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Notes on The Route

16 April 2009 | Salvador, Brazil
Leaving Punta del Este, Uruguay, the forecasts I had indicated five days of light winds. I needed to get a ways offshore to get away from fishing boat traffic and a part of the coast with few suitable harbors in case of easterly gales.

The Brazil current sets strongly southwards along the coast, and a long way offshore. There is a countercurrent going north very close to shore. With the light winds forecast, I doubted I could make much way against the Brazil current offshore, so kept close enough to land to use the countercurrent to get to about where Florianapolis is (point #6). I don't like being close to a coast, in case a storm comes up, and because there tends to be more traffic to deal with, but keeping relatively close to the coast also gave me an option to enter a port in Brazil and refuel if there was no wind and I motored a lot (in total, I motored about 100 miles, and fuel was not a problem).

When I got to near Florianapolis (point #6), the forecast was for light NE winds, going N along the coast to Rio de Janeiro. I figured the normal current and countercurrent were likely to be less than normal due to the winds having been not from the typical direction over the last few days (a gale in Rio de la Plata had affected the winds at this latitude).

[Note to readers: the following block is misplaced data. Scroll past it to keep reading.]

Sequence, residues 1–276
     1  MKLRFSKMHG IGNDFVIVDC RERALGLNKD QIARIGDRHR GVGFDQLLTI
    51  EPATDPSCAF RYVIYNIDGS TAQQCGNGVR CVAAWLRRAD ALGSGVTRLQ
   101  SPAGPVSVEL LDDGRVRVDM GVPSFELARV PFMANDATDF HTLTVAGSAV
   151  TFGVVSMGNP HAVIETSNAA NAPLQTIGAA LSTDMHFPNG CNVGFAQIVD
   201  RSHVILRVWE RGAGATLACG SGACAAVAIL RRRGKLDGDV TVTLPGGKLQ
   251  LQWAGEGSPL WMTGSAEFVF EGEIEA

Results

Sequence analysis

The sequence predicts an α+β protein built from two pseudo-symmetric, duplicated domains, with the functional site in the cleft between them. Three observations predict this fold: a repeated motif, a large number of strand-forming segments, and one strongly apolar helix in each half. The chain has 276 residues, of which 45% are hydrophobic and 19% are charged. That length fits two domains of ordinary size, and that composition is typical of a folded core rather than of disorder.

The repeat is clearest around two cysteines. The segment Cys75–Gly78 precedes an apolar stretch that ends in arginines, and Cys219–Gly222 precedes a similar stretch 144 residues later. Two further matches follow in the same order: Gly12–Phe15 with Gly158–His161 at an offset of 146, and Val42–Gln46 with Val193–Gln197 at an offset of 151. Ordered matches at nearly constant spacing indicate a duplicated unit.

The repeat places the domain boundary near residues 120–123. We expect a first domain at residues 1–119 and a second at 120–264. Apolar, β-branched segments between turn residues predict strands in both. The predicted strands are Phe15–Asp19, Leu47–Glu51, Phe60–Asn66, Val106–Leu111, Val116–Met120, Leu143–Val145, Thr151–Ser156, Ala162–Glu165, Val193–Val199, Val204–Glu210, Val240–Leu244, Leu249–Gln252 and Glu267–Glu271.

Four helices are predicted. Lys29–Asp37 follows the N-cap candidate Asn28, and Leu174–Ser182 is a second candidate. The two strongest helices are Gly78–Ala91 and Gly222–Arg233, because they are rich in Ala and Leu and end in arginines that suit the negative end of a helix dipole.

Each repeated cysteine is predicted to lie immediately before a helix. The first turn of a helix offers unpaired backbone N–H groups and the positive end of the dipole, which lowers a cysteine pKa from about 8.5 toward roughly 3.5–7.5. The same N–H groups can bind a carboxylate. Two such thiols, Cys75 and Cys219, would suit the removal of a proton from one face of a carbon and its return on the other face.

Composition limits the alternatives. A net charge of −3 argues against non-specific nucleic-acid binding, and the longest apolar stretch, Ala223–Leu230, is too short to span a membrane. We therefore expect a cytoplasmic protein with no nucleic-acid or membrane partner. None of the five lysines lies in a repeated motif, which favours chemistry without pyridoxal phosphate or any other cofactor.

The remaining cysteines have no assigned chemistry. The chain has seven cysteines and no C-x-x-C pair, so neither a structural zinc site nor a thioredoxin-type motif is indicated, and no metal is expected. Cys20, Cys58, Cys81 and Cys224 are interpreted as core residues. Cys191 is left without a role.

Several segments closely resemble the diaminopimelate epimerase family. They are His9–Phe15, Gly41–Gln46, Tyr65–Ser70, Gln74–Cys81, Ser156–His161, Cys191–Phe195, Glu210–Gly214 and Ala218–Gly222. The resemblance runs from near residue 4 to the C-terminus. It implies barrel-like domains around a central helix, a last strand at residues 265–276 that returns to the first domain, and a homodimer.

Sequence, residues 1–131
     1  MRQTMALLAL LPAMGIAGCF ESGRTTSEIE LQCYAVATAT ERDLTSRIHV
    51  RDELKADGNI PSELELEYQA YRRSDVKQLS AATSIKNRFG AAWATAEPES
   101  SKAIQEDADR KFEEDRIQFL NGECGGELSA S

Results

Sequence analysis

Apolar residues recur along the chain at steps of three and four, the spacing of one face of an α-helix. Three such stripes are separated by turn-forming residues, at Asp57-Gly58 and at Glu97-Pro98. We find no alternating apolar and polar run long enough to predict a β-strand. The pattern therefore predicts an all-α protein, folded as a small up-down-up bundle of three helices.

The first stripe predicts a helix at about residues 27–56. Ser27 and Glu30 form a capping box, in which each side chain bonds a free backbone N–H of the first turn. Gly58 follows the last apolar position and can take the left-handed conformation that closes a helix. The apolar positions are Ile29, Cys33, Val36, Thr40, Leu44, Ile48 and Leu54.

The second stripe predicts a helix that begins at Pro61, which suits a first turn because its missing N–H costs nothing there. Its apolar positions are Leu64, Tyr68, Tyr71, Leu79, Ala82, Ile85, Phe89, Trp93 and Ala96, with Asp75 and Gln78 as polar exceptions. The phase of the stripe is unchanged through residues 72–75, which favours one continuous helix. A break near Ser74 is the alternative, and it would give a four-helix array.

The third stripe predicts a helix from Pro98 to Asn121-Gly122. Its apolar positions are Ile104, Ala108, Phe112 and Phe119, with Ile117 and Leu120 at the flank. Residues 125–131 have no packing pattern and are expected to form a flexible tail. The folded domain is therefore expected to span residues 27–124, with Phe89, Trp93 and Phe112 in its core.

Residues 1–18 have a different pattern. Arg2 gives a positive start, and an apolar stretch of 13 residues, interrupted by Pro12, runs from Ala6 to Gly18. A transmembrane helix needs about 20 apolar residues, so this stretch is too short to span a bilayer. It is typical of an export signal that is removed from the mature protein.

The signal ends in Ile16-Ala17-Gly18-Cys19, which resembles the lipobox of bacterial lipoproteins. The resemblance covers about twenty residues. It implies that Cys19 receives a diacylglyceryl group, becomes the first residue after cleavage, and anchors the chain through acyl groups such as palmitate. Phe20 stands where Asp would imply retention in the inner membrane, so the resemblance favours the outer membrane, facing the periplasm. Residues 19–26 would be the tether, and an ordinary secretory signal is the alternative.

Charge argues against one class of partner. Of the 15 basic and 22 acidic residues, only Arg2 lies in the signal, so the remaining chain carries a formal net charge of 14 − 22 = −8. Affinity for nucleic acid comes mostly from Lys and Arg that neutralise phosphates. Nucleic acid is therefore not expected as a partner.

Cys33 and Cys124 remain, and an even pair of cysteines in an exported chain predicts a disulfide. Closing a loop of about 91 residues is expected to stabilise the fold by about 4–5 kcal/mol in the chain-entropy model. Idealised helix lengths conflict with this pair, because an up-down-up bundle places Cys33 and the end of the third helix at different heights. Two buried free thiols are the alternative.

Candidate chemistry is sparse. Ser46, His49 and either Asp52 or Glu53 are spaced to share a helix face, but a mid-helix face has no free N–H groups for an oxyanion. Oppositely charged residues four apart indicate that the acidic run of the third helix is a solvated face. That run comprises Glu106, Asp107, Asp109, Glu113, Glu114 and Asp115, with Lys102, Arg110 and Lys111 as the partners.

If I stayed along the coast, using the countercurrent, I figured that the countercurrent would not be very strong, and the wind would be totally against me. Also, there is a military exercise area along that coast, and an offshore oil field off the corner (off Cabo Frio, near point #13).

Between Cabo Frio and the offshore oil field is a relatively shallow area full of fishing boats. Staying farther offshore would allow me to avoid a lot of traffic, and didn't seem like it would be significantly slower at this point to go against the Brazil current instead of with the countercurrent. I was alone for this trip, so the concerns about traffic I had would probably not be as great if I was not singlehanding.

Around point #11, the wind became more and more favorable, and around point #14, I was starting to get into the SE Trade Winds, which are really favorable for going north.
Vessel Name: Issuma
Vessel Make/Model: Damien II, 15m/50' steel staysail schooner with lifting keel
Extra: Designed for Antarctica. Built in France by META in 1981. Draft 1.3m/4.5' with keel up, 3.2m/10.5' with keel down. More details at
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Survey pictures taken of Shekin V
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Created 29 April 2008